The Spirit of Insurrection


A spirit of insurrection is always just beneath the surface in Americans. When things are going well this spirit flows quietly like an underground stream of lava. However, when we get fearful or angry our natural insurrectionist spirit erupts and burns those in power.  This is what our Washington politicians discovered in their town hall meetings this summer and our President is discovering this Fall.


Insurrection is in the American bloodstream. After all, we did not become a nation through negotiation and civil discussion but by mob action and rebellion. If we weren’t insurrectionists we would be Canada, not the USA.  The original Boston Tea Party was not about thoughtful discussion in order to seek common ground with England. Thomas Jefferson even admired the mob action of the “Whisky Rebellion.” We might even consider our system of government with regular reelection terms a formal periodic means of channeling our spirit of insurrection—we can toss the bums out of office on a regular basis.  The recent eruptions of the insurrectionist spirit is not an anomaly. Insurrection is a part of the American way of doing things.


When times area good most Americans suppress their spirit of insurrection. When we are without fear and facing little change Americans suppress our spirit of insurrection. But when things are shaky, or we get scared, or someone is forcing change on us we aren’t sure about, the spirit bubbles to the surface in a powerful and dangerous eruption.


But this column is not about politics but the church. So what does all this have to do with pastors? It is a reminder to American pastors that their people don’t leave their national mood behind when they come to church. A considerable number of pastors trying to introduce change last summer learned this the hard way.  The spirit of insurrection also attends church. Almost all worship leaders have seen an increase in the temperature of complaints this last six months. Americans are angry that others are getting good things while they are paying the bill, they are angry that things aren’t going as well as they hoped for, they are fearful of change and they bring that mood with them to the church board meetings.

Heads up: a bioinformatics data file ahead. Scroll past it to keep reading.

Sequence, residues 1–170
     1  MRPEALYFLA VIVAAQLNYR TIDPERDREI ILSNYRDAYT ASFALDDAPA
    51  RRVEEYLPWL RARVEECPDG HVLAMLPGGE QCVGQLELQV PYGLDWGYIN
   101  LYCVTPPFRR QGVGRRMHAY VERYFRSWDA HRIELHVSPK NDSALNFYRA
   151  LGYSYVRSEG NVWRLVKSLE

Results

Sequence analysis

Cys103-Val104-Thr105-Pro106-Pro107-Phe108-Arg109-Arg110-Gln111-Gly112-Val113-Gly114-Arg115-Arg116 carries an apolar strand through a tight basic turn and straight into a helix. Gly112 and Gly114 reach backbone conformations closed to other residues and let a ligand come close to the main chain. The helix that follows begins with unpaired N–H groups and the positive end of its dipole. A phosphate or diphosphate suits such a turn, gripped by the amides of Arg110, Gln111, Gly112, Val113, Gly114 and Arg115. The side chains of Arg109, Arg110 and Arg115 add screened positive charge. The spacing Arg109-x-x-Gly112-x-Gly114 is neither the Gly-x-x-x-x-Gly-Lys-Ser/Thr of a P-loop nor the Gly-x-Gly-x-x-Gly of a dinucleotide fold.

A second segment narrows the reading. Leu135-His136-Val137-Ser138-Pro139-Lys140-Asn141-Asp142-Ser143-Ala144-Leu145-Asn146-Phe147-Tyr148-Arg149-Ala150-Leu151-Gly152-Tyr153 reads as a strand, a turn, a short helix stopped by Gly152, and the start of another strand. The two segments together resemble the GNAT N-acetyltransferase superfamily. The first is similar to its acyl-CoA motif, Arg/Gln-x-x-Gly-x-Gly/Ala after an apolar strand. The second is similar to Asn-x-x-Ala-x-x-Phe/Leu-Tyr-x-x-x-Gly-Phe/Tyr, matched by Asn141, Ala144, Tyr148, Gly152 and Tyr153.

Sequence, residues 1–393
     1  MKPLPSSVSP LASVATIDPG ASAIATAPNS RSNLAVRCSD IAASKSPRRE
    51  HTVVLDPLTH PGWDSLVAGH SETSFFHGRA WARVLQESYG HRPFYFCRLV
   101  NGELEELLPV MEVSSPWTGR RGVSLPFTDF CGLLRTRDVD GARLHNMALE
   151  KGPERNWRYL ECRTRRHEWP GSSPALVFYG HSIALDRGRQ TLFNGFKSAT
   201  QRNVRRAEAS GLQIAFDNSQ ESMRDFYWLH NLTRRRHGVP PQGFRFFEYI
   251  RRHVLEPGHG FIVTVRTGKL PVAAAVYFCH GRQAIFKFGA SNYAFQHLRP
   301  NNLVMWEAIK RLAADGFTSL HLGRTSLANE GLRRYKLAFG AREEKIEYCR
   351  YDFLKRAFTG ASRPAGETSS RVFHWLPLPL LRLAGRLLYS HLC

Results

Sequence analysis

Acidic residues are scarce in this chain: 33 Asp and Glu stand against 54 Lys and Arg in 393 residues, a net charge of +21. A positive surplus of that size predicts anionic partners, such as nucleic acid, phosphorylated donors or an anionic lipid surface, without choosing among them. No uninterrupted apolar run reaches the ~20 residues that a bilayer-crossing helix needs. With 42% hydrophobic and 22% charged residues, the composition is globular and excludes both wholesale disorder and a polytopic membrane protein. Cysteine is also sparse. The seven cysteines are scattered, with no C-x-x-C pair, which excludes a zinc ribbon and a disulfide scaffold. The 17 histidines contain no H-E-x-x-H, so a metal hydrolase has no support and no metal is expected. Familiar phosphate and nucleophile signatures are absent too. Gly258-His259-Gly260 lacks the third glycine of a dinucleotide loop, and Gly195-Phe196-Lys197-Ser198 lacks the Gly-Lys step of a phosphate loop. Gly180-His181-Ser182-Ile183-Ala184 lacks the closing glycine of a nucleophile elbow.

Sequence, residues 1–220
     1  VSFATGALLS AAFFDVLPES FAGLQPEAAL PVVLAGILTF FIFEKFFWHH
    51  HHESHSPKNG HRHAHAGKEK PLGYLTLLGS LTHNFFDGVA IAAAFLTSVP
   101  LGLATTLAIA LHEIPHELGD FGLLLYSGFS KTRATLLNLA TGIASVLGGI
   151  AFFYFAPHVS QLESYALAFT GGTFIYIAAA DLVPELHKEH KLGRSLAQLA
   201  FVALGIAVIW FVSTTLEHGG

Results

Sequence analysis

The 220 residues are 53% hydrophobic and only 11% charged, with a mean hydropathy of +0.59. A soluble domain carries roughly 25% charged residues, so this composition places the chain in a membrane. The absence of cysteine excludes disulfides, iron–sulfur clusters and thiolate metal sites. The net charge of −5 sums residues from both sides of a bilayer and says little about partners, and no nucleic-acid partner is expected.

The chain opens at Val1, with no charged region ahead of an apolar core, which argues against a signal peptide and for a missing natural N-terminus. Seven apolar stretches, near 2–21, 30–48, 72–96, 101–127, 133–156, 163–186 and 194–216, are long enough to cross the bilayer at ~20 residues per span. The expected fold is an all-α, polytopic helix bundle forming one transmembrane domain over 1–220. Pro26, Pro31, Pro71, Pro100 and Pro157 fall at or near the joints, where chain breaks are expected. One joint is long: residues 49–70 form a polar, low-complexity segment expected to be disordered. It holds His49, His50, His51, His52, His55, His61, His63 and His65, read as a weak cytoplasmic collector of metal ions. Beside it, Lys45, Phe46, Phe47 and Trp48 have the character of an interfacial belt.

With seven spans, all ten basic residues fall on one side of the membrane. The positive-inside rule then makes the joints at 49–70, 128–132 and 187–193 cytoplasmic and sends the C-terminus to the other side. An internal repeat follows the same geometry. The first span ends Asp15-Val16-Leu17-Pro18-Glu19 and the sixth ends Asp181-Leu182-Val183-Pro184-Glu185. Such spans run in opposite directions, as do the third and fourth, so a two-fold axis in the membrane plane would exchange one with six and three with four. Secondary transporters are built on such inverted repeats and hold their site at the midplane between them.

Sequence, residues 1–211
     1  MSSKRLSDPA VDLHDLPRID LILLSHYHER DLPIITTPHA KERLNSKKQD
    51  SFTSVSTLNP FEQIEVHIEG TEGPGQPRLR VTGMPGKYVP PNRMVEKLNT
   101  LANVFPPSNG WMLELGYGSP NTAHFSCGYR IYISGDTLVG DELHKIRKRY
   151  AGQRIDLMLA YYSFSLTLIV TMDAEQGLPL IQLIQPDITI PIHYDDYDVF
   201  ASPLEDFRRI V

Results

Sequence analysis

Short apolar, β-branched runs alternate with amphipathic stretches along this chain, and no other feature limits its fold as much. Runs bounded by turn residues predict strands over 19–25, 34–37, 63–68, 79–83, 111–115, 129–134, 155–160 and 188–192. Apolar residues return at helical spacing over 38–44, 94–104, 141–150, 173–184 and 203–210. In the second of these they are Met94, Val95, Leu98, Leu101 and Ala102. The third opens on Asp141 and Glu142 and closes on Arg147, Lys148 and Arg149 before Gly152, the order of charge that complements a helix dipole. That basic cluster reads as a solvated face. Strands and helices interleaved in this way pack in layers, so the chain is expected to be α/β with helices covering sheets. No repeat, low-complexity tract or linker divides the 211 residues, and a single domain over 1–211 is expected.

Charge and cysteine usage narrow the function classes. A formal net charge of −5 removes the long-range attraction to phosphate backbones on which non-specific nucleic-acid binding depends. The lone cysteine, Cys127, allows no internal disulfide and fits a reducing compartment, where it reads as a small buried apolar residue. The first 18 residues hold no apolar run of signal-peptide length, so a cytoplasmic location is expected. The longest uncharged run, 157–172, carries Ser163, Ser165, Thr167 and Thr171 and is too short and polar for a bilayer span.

People are fearful of change—changing anything. Pastors and administrators of organizations who fail to take this mood into account are liable to get burned by the molten lava of insurrection. Once the mob mentality takes hold lining up your soldiers to shoot them won’t end the rebellion. Neither will a civil conversation. They will sneak into your church in the dark and dump your tea overboard!


When an insurrectionist mood infects a people there are at least two leadership strategies for dealing with it: Some will try to tap the spirit of insurrection to make changes. A clever leader can sometimes manage the mob’s anger and direct it toward bringing change. This is what the founding fathers did. So it may be a good time to split a church or start a new venue.  After all, virtually every protestant denomination in American was founded by insurrection. This is an exciting though dangerous option. Leaders who try to direct the flow of erupting lava sometimes get burned themselves.  Other leaders will dial down plans to change and sit it out. Most leaders who see the spirit in their people will adopt a “watchful waiting” strategy until the temperature drops back to normal. It always does. Americans have been regularly infected with an insurrectionist spirit but every time they have later calmed down and become nice generous folk again. If you don’t get your new program, staff member, change of service times through this year, next year may bring a better mood for change to your people.


Are your people leaving their “spirit of insurrection” at the church door or bringing some of it into church with them?  What is your strategy in dealing with “the spirit of insurrection?” Have you seen any of this Spirit in your district or at your general Conference? I think we’re seeing some of thyis mood in the church too.  At least, that’s what I think…


So what do you think?

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By Keith Drury   September 15, 2009